As a graduate research student you can borrow unlimited loans for 6 weeks (excluding short loan items). All items, except those in high demand and those requested by other users, are automatically renewed.

7. You can transfer reference details to EndNote

Instructions are available on the EndNote Library guide.

8. You can make Document delivery requests 

If you find an item in Search, which isn’t available in the Library collection, as a graduate research student you can place a Document Delivery request.

Sign in and click Document delivery to place your request.


For more information refer to the Search Library guide or get in touch with your contact librarian.








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1 March 2016

Spaces to study in the libraries


A combined total of 103,486 people came to our libraries in Week 1 of Semester 1 last year. This year we're expecting about the same number, if not more. And it will only build momentum as the semester progresses. Here's a heads-up on the available study spaces in the libraries.


The libraries at Monash are great places to study, whether you want quiet or a place to work together. All the libraries will be open this year despite the refurbishment work at the Matheson and Caulfield libraries. These two libraries will have fewer seats than usual. We’ve added extra seats at the other libraries instead so there will be plenty of areas where you can settle down.

We’ve kept the reductions at our busiest libraries as small as we can, but they’re important to make sure that the refurbishment projects can finish on time (Matheson by the end of 2016 and Caulfield by March 2017).

Here’s how the study spaces work:

Seating
  • Matheson: 1,058 seats (down from 1,419 in 2015 because of the refurbishment)
  • Hargrave-Andrew: 790 seats
  • Law: 764 seats
  • Caulfield: 600 seats (down from 750) but there will be another reduction from May onwards as the building works move between levels
  • Berwick: 119 seats
  • Peninsula: 246 seats
  • Pharmacy: 122 seats.
During busy times, it’s good to remember that multi-level libraries may have more seats upstairs – at Matheson, there are extra study spaces on levels 2-5 in the General Collection. You can also use the teaching rooms at any library if there isn’t already a class there.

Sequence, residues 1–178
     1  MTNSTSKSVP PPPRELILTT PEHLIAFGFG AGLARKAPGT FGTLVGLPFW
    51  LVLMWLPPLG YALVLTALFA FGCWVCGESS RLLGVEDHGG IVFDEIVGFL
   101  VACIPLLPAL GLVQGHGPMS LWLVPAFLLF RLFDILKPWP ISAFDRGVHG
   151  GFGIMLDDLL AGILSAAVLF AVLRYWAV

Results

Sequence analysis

Bookable discussion rooms

Matheson, Law, Berwick and Peninsula libraries have discussion rooms for group study. You can book a room at http://monash.libcal.com/.

Computers

Every library has wifi and power is available at many of the desks, so you can bring your own device or you can use computers that are already set up. PC Finder on the Library website or in the Monash app will help you find a computer that’s available when you get to the library. The computers in both Matheson and Caulfield Libraries have been temporarily taken off PC Finder as these are constantly being moved around during the refurbishments.

Alternative spaces

If you can’t find a space in the libraries, there are alternative study areas which are open to all students at Clayton and Caulfield campuses. Try the airport lounge or the IT lab at the Campus Centre if you’re at Clayton, or the C1 study lounge in Building C at Caulfield.


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About the Blog

Welcome to the Monash University Library blog. Whether you are engaged in learning, teaching or research activities, the Library and its range of programs, activities and resources will contribute to your success. Here you will find useful information, ideas, tips and inspiration. Your comments on any of the articles are welcome.